Alarmist? Compare the risks of the diseases versus the risk of the vaccines :
Risk from Disease versus Risk from Vaccines
Measles and Rubella vs. MMR Vaccine
Even one serious adverse event in a million doses of vaccine cannot be justified if there is no benefit from the vaccination. If there were no vaccines, there would be many more cases of disease, and along with the more disease, there would be serious sequelae and more deaths. But looking at risk alone is not enough - you must always look at both risks and benefits. Comparing the risk from disease with the risk from the vaccines can give us an idea of the benefits we get from vaccinating our children.
Pneumonia: 6 in 100
Encephalitis: 1 in 1,000
Death: 2 in 1,000
Congenital Rubella Syndrome: 1 in 4 (if woman becomes infected early in pregnancy)
Encephalitis or severe allergic reaction:
1 in 1,000,000
Diphtheria, Tetanus, and Pertussis vs. DTap Vaccine
Death: 1 in 20
Death: 2 in 10
Pneumonia: 1 in 8
Encephalitis: 1 in 20
Death: 1 in 1,500
Continuous crying, then full recovery: 1 in 1000
Convulsions or shock, then full recovery: 1 in 14,000
Acute encephalopathy: 0-10.5 in 1,000,000
Death: None proven
The fact is that a child is far more likely to be seriously injured by one of these diseases than by any vaccine. While any serious injury or death caused by vaccines is too many, it is also clear that the benefits of vaccination greatly outweigh the slight risk, and that many, many more injuries and deaths would occur without vaccinations. In fact, to have a medical intervention as effective as vaccination in preventing disease and not use it would be unconscionable.
Research is underway by the U.S. Public Health Service to better understand which vaccine adverse events are truly caused by vaccines and how to reduce even further the already low risk of serious vaccine-related injury.
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MISCONCEPTION #5. Vaccine-preventable diseases have been virtually eliminated from the United States, so there is no need for my child to be vaccinated.
It's true that vaccination has enabled us to reduce most vaccine-preventable diseases to very low levels in the United States. However, some of them are still quite prevalent - even epidemic - in other parts of the world. Travelers can unknowingly bring these diseases into the United States, and if we were not protected by vaccinations these diseases could quickly spread throughout the population, causing epidemics here. At the same time, the relatively few cases we currently have in the U.S. could very quickly become tens or hundreds of thousands of cases without the protection we get from vaccines.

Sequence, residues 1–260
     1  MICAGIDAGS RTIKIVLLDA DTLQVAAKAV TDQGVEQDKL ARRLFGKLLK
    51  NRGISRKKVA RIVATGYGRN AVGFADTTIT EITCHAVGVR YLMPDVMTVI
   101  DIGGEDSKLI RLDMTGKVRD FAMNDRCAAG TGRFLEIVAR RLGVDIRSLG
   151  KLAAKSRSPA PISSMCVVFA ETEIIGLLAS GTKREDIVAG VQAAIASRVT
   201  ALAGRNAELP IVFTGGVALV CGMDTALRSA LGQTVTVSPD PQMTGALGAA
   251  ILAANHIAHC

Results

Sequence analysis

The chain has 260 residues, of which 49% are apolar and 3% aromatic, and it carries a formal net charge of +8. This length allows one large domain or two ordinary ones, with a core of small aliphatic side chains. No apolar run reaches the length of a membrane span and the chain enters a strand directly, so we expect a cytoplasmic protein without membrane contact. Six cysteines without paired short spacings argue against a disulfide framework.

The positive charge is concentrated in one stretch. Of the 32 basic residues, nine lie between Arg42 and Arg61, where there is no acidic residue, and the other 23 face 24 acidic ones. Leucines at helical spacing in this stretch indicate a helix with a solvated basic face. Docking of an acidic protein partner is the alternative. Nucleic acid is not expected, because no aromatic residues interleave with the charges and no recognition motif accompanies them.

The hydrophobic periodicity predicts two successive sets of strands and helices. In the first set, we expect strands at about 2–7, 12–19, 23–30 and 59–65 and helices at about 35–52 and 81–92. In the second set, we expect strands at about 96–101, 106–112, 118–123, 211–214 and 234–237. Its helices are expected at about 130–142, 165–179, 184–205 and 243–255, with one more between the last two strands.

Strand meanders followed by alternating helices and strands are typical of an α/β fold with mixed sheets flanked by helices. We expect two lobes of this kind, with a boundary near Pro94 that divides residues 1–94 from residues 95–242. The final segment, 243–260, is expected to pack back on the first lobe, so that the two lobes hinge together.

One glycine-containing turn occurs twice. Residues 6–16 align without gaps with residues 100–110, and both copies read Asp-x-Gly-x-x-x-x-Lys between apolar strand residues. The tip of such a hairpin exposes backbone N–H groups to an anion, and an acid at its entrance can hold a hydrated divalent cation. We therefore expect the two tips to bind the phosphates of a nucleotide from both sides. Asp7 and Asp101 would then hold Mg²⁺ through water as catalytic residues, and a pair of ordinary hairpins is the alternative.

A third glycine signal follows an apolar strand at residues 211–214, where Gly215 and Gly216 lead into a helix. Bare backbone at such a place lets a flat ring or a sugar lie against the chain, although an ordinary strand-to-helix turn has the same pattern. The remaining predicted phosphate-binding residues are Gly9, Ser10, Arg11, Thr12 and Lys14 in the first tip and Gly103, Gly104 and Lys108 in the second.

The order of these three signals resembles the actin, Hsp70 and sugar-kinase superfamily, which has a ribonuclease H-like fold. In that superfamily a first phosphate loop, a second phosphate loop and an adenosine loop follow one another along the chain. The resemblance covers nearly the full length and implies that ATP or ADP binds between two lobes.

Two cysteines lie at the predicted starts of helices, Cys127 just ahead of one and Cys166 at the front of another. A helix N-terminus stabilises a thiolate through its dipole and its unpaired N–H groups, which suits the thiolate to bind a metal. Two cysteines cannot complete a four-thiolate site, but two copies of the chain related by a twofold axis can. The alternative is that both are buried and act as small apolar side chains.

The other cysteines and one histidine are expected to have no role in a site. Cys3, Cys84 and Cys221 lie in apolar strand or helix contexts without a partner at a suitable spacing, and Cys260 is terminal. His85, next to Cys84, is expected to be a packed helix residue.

We should still be vaccinated, then, for two reasons. The first is to protect ourselves. Even if we think our chances of getting any of these diseases are small, the diseases still exist and can still infect anyone who is not protected. Travelers are especially vulnerable. A few years ago a 63 year old U.S. traveler to Haiti caught diphtheria and died -he had never been vaccinated. In 2005 and 2006, outbreaks of measles and mumps occurred in several states within the U.S. The measles outbreak began in a group of travelers (who had not been vaccinated) upon their return from a trip to Romania where they had been exposed to measles.
The second reason to get vaccinated is to protect those around us. A small number of persons cannot be vaccinated for medical reasons such as a severe allergy to vaccine components, and a small percentage simply do not respond to vaccines. These persons are susceptible to disease, and their only hope of protection is that people around them have been successfully vaccinated and cannot pass disease along to them. A successful vaccination program, like a successful society, depends on the cooperation of every individual to ensure the good for all. We would think it irresponsible of a driver to ignore all traffic regulations on the presumption that other drivers will watch out for him or her. In the same way, we shouldn't rely on people around us to stop the spread of disease if we ourselves can be vaccinated. We must all do what we can.